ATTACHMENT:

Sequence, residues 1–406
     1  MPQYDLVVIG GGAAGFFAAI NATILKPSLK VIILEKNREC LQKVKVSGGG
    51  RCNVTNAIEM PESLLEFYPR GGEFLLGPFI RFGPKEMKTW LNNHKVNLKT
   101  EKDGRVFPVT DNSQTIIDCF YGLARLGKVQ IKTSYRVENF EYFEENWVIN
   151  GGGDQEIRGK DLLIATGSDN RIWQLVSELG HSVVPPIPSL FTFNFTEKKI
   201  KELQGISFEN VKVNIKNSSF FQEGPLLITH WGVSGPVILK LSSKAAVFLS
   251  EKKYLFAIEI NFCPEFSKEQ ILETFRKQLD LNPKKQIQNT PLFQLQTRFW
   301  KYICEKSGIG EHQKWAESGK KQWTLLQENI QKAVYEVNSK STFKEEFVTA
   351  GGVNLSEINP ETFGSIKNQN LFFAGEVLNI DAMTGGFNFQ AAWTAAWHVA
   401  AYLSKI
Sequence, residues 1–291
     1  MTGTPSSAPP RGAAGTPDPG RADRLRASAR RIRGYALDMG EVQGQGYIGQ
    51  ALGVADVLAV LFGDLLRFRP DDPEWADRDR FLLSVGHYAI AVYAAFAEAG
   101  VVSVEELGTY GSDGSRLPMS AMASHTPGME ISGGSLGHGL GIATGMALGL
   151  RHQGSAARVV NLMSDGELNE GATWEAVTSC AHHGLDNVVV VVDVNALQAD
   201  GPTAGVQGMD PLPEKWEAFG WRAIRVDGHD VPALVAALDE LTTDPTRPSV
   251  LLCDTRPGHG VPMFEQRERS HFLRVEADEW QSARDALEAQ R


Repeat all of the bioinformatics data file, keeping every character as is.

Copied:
Sequence, residues 1–406
     1  MPQYDLVVIG GGAAGFFAAI NATILKPSLK VIILEKNREC LQKVKVSGGG
    51  RCNVTNAIEM PESLLEFYPR GGEFLLGPFI RFGPKEMKTW LNNHKVNLKT
   101  EKDGRVFPVT DNSQTIIDCF YGLARLGKVQ IKTSYRVENF EYFEENWVIN
   151  GGGDQEIRGK DLLIATGSDN RIWQLVSELG HSVVPPIPSL FTFNFTEKKI
   201  KELQGISFEN VKVNIKNSSF FQEGPLLITH WGVSGPVILK LSSKAAVFLS
   251  EKKYLFAIEI NFCPEFSKEQ ILETFRKQLD LNPKKQIQNT PLFQLQTRFW
   301  KYICEKSGIG EHQKWAESGK KQWTLLQENI QKAVYEVNSK STFKEEFVTA
   351  GGVNLSEINP ETFGSIKNQN LFFAGEVLNI DAMTGGFNFQ AAWTAAWHVA
   401  AYLSKI
Sequence, residues 1–291
     1  MTGTPSSAPP RGAAGTPDPG RADRLRASAR RIRGYALDMG EVQGQGYIGQ
    51  ALGVADVLAV LFGDLLRFRP DDPEWADRDR FLLSVGHYAI AVYAAFAEAG
   101  VVSVEELGTY GSDGSRLPMS AMASHTPGME ISGGSLGHGL GIATGMALGL
   151  RHQGSAARVV NLMSDGELNE GATWEAVTSC AHHGLDNVVV VVDVNALQAD
   201  GPTAGVQGMD PLPEKWEAFG WRAIRVDGHD VPALVAALDE LTTDPTRPSV
   251  LLCDTRPGHG VPMFEQRERS HFLRVEADEW QSARDALEAQ R